Before the second tsunami, Tonga experienced a terrifying volcano eruption, prompting the evacuation of Australian beaches.

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Before the second tsunami, a terrifying volcano eruption was heard across Tonga, and Australian beaches were evacuated.

After a massive undersea volcanic eruption, a second tsunami hit the Pacific island of Tonga, flooding homes and triggering warnings as far away as Australia, Japan, and the United States.

When the second tsunami struck the nation of 105,000 people this weekend, a family captured the moment water rushed in from the sea, flooding homes as they finished church choir practice.

After a series of massive booms were heard across several Pacific islands, the tsunami forced people to seek higher ground.

Tsunami warnings have been issued for Australia, Fiji, New Zealand, Vanuatu, American Samoa, Lord Howe, Macquarie Island, and Norkfolk Island, as well as Japan, Hawaii, and the western United States.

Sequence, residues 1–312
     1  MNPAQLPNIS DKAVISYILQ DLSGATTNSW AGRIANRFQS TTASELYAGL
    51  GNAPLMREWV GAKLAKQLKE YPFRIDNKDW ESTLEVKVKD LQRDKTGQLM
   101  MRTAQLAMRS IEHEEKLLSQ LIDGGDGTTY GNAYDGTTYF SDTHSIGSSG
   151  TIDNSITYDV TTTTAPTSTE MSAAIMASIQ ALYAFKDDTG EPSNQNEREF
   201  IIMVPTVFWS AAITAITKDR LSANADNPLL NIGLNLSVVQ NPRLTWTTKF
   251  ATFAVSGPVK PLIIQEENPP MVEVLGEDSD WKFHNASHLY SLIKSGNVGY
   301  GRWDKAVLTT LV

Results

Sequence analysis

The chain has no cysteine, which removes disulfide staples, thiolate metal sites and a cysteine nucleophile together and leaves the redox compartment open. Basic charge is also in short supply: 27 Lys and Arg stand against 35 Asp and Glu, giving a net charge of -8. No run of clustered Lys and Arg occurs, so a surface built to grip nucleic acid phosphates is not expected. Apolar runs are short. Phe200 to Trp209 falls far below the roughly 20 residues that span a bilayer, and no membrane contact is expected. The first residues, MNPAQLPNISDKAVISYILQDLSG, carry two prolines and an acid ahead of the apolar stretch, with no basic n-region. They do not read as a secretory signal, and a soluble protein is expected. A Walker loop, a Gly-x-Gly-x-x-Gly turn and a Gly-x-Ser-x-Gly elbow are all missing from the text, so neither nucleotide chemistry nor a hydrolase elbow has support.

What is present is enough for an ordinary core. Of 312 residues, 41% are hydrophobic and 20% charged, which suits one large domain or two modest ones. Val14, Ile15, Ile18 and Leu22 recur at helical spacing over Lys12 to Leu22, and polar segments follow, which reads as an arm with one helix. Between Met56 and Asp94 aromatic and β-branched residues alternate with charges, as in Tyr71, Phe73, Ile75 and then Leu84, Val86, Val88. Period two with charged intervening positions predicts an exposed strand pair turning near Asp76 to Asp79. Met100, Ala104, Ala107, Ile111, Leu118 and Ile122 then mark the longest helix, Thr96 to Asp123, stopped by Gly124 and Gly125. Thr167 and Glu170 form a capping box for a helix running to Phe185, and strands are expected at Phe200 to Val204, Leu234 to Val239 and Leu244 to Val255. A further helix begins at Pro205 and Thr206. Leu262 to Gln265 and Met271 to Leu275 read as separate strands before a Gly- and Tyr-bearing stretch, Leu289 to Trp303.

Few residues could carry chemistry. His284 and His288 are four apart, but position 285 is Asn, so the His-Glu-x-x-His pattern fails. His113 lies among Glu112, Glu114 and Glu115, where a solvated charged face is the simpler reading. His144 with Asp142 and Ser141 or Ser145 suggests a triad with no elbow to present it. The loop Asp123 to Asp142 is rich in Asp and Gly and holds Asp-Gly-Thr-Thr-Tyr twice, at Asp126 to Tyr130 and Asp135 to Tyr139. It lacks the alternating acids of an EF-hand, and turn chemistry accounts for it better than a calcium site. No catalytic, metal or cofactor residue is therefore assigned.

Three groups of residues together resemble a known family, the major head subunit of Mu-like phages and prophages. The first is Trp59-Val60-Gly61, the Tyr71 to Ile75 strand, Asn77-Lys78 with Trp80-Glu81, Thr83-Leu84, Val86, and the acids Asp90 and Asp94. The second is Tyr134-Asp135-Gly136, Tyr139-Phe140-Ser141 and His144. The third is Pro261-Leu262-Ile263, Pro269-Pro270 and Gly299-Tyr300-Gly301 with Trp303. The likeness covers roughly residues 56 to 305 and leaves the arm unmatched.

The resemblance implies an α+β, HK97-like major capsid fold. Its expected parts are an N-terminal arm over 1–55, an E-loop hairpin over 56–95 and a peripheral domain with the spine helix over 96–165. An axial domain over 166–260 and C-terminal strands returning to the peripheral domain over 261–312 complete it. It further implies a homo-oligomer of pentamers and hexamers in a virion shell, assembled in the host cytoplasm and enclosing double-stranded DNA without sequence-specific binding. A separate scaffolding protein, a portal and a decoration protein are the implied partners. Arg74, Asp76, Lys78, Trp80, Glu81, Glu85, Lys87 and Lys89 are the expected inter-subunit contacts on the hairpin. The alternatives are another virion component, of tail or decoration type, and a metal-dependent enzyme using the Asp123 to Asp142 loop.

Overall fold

The Hunga Tonga-Hunga Ha’apai volcano erupted at 3.10 p.m. AEDT on Saturday, according to the Bureau of Meteorology in Australia.

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Tonga is hit by a tsunami caused by a Pacific volcano erupting.

As a powerful tsunami approaches, Tongans flee for their lives.

Satellite imagery shows the moment a Pacific volcano erupted, which is shocking.

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The eruption’s shockwaves traveled more than 4,000 kilometers, prompting the Bureau of Meteorology to issue a national marine warning for all NSW coastal areas, as well as parts of Queensland and Victoria.

Early-morning swimmers were called out of the water in Bondi and other Sydney beaches by Sydney police and the NSW State Emergency Service.

According to the bureau, a 1.27m tsunami wave was seen on Norfolk Island at 9 p.m. AEDT on Saturday, and an 82cm wave was recorded on the Gold Coast at 10.54 p.m. AEDT.

It said 1.10m-high waves were recorded at Lord Howe Island’s Ned’s Beach around 11 p.m. AEDT, and a 50cm surge was seen at Hobart’s Derwent Park around 11.44 p.m. AEDT.

At 2.50 a.m. AEDT on Sunday, Port Kembla in NSW’s Wollongong recorded a 65-centimeter wave.

From Sandy Cape to Point Danger, the Bureau of Meteorology has issued a marine warning for Queensland.

A marine warning has been issued in Victoria, extending from Lakes Entrance to 60 kilometers east of Gabo Island…

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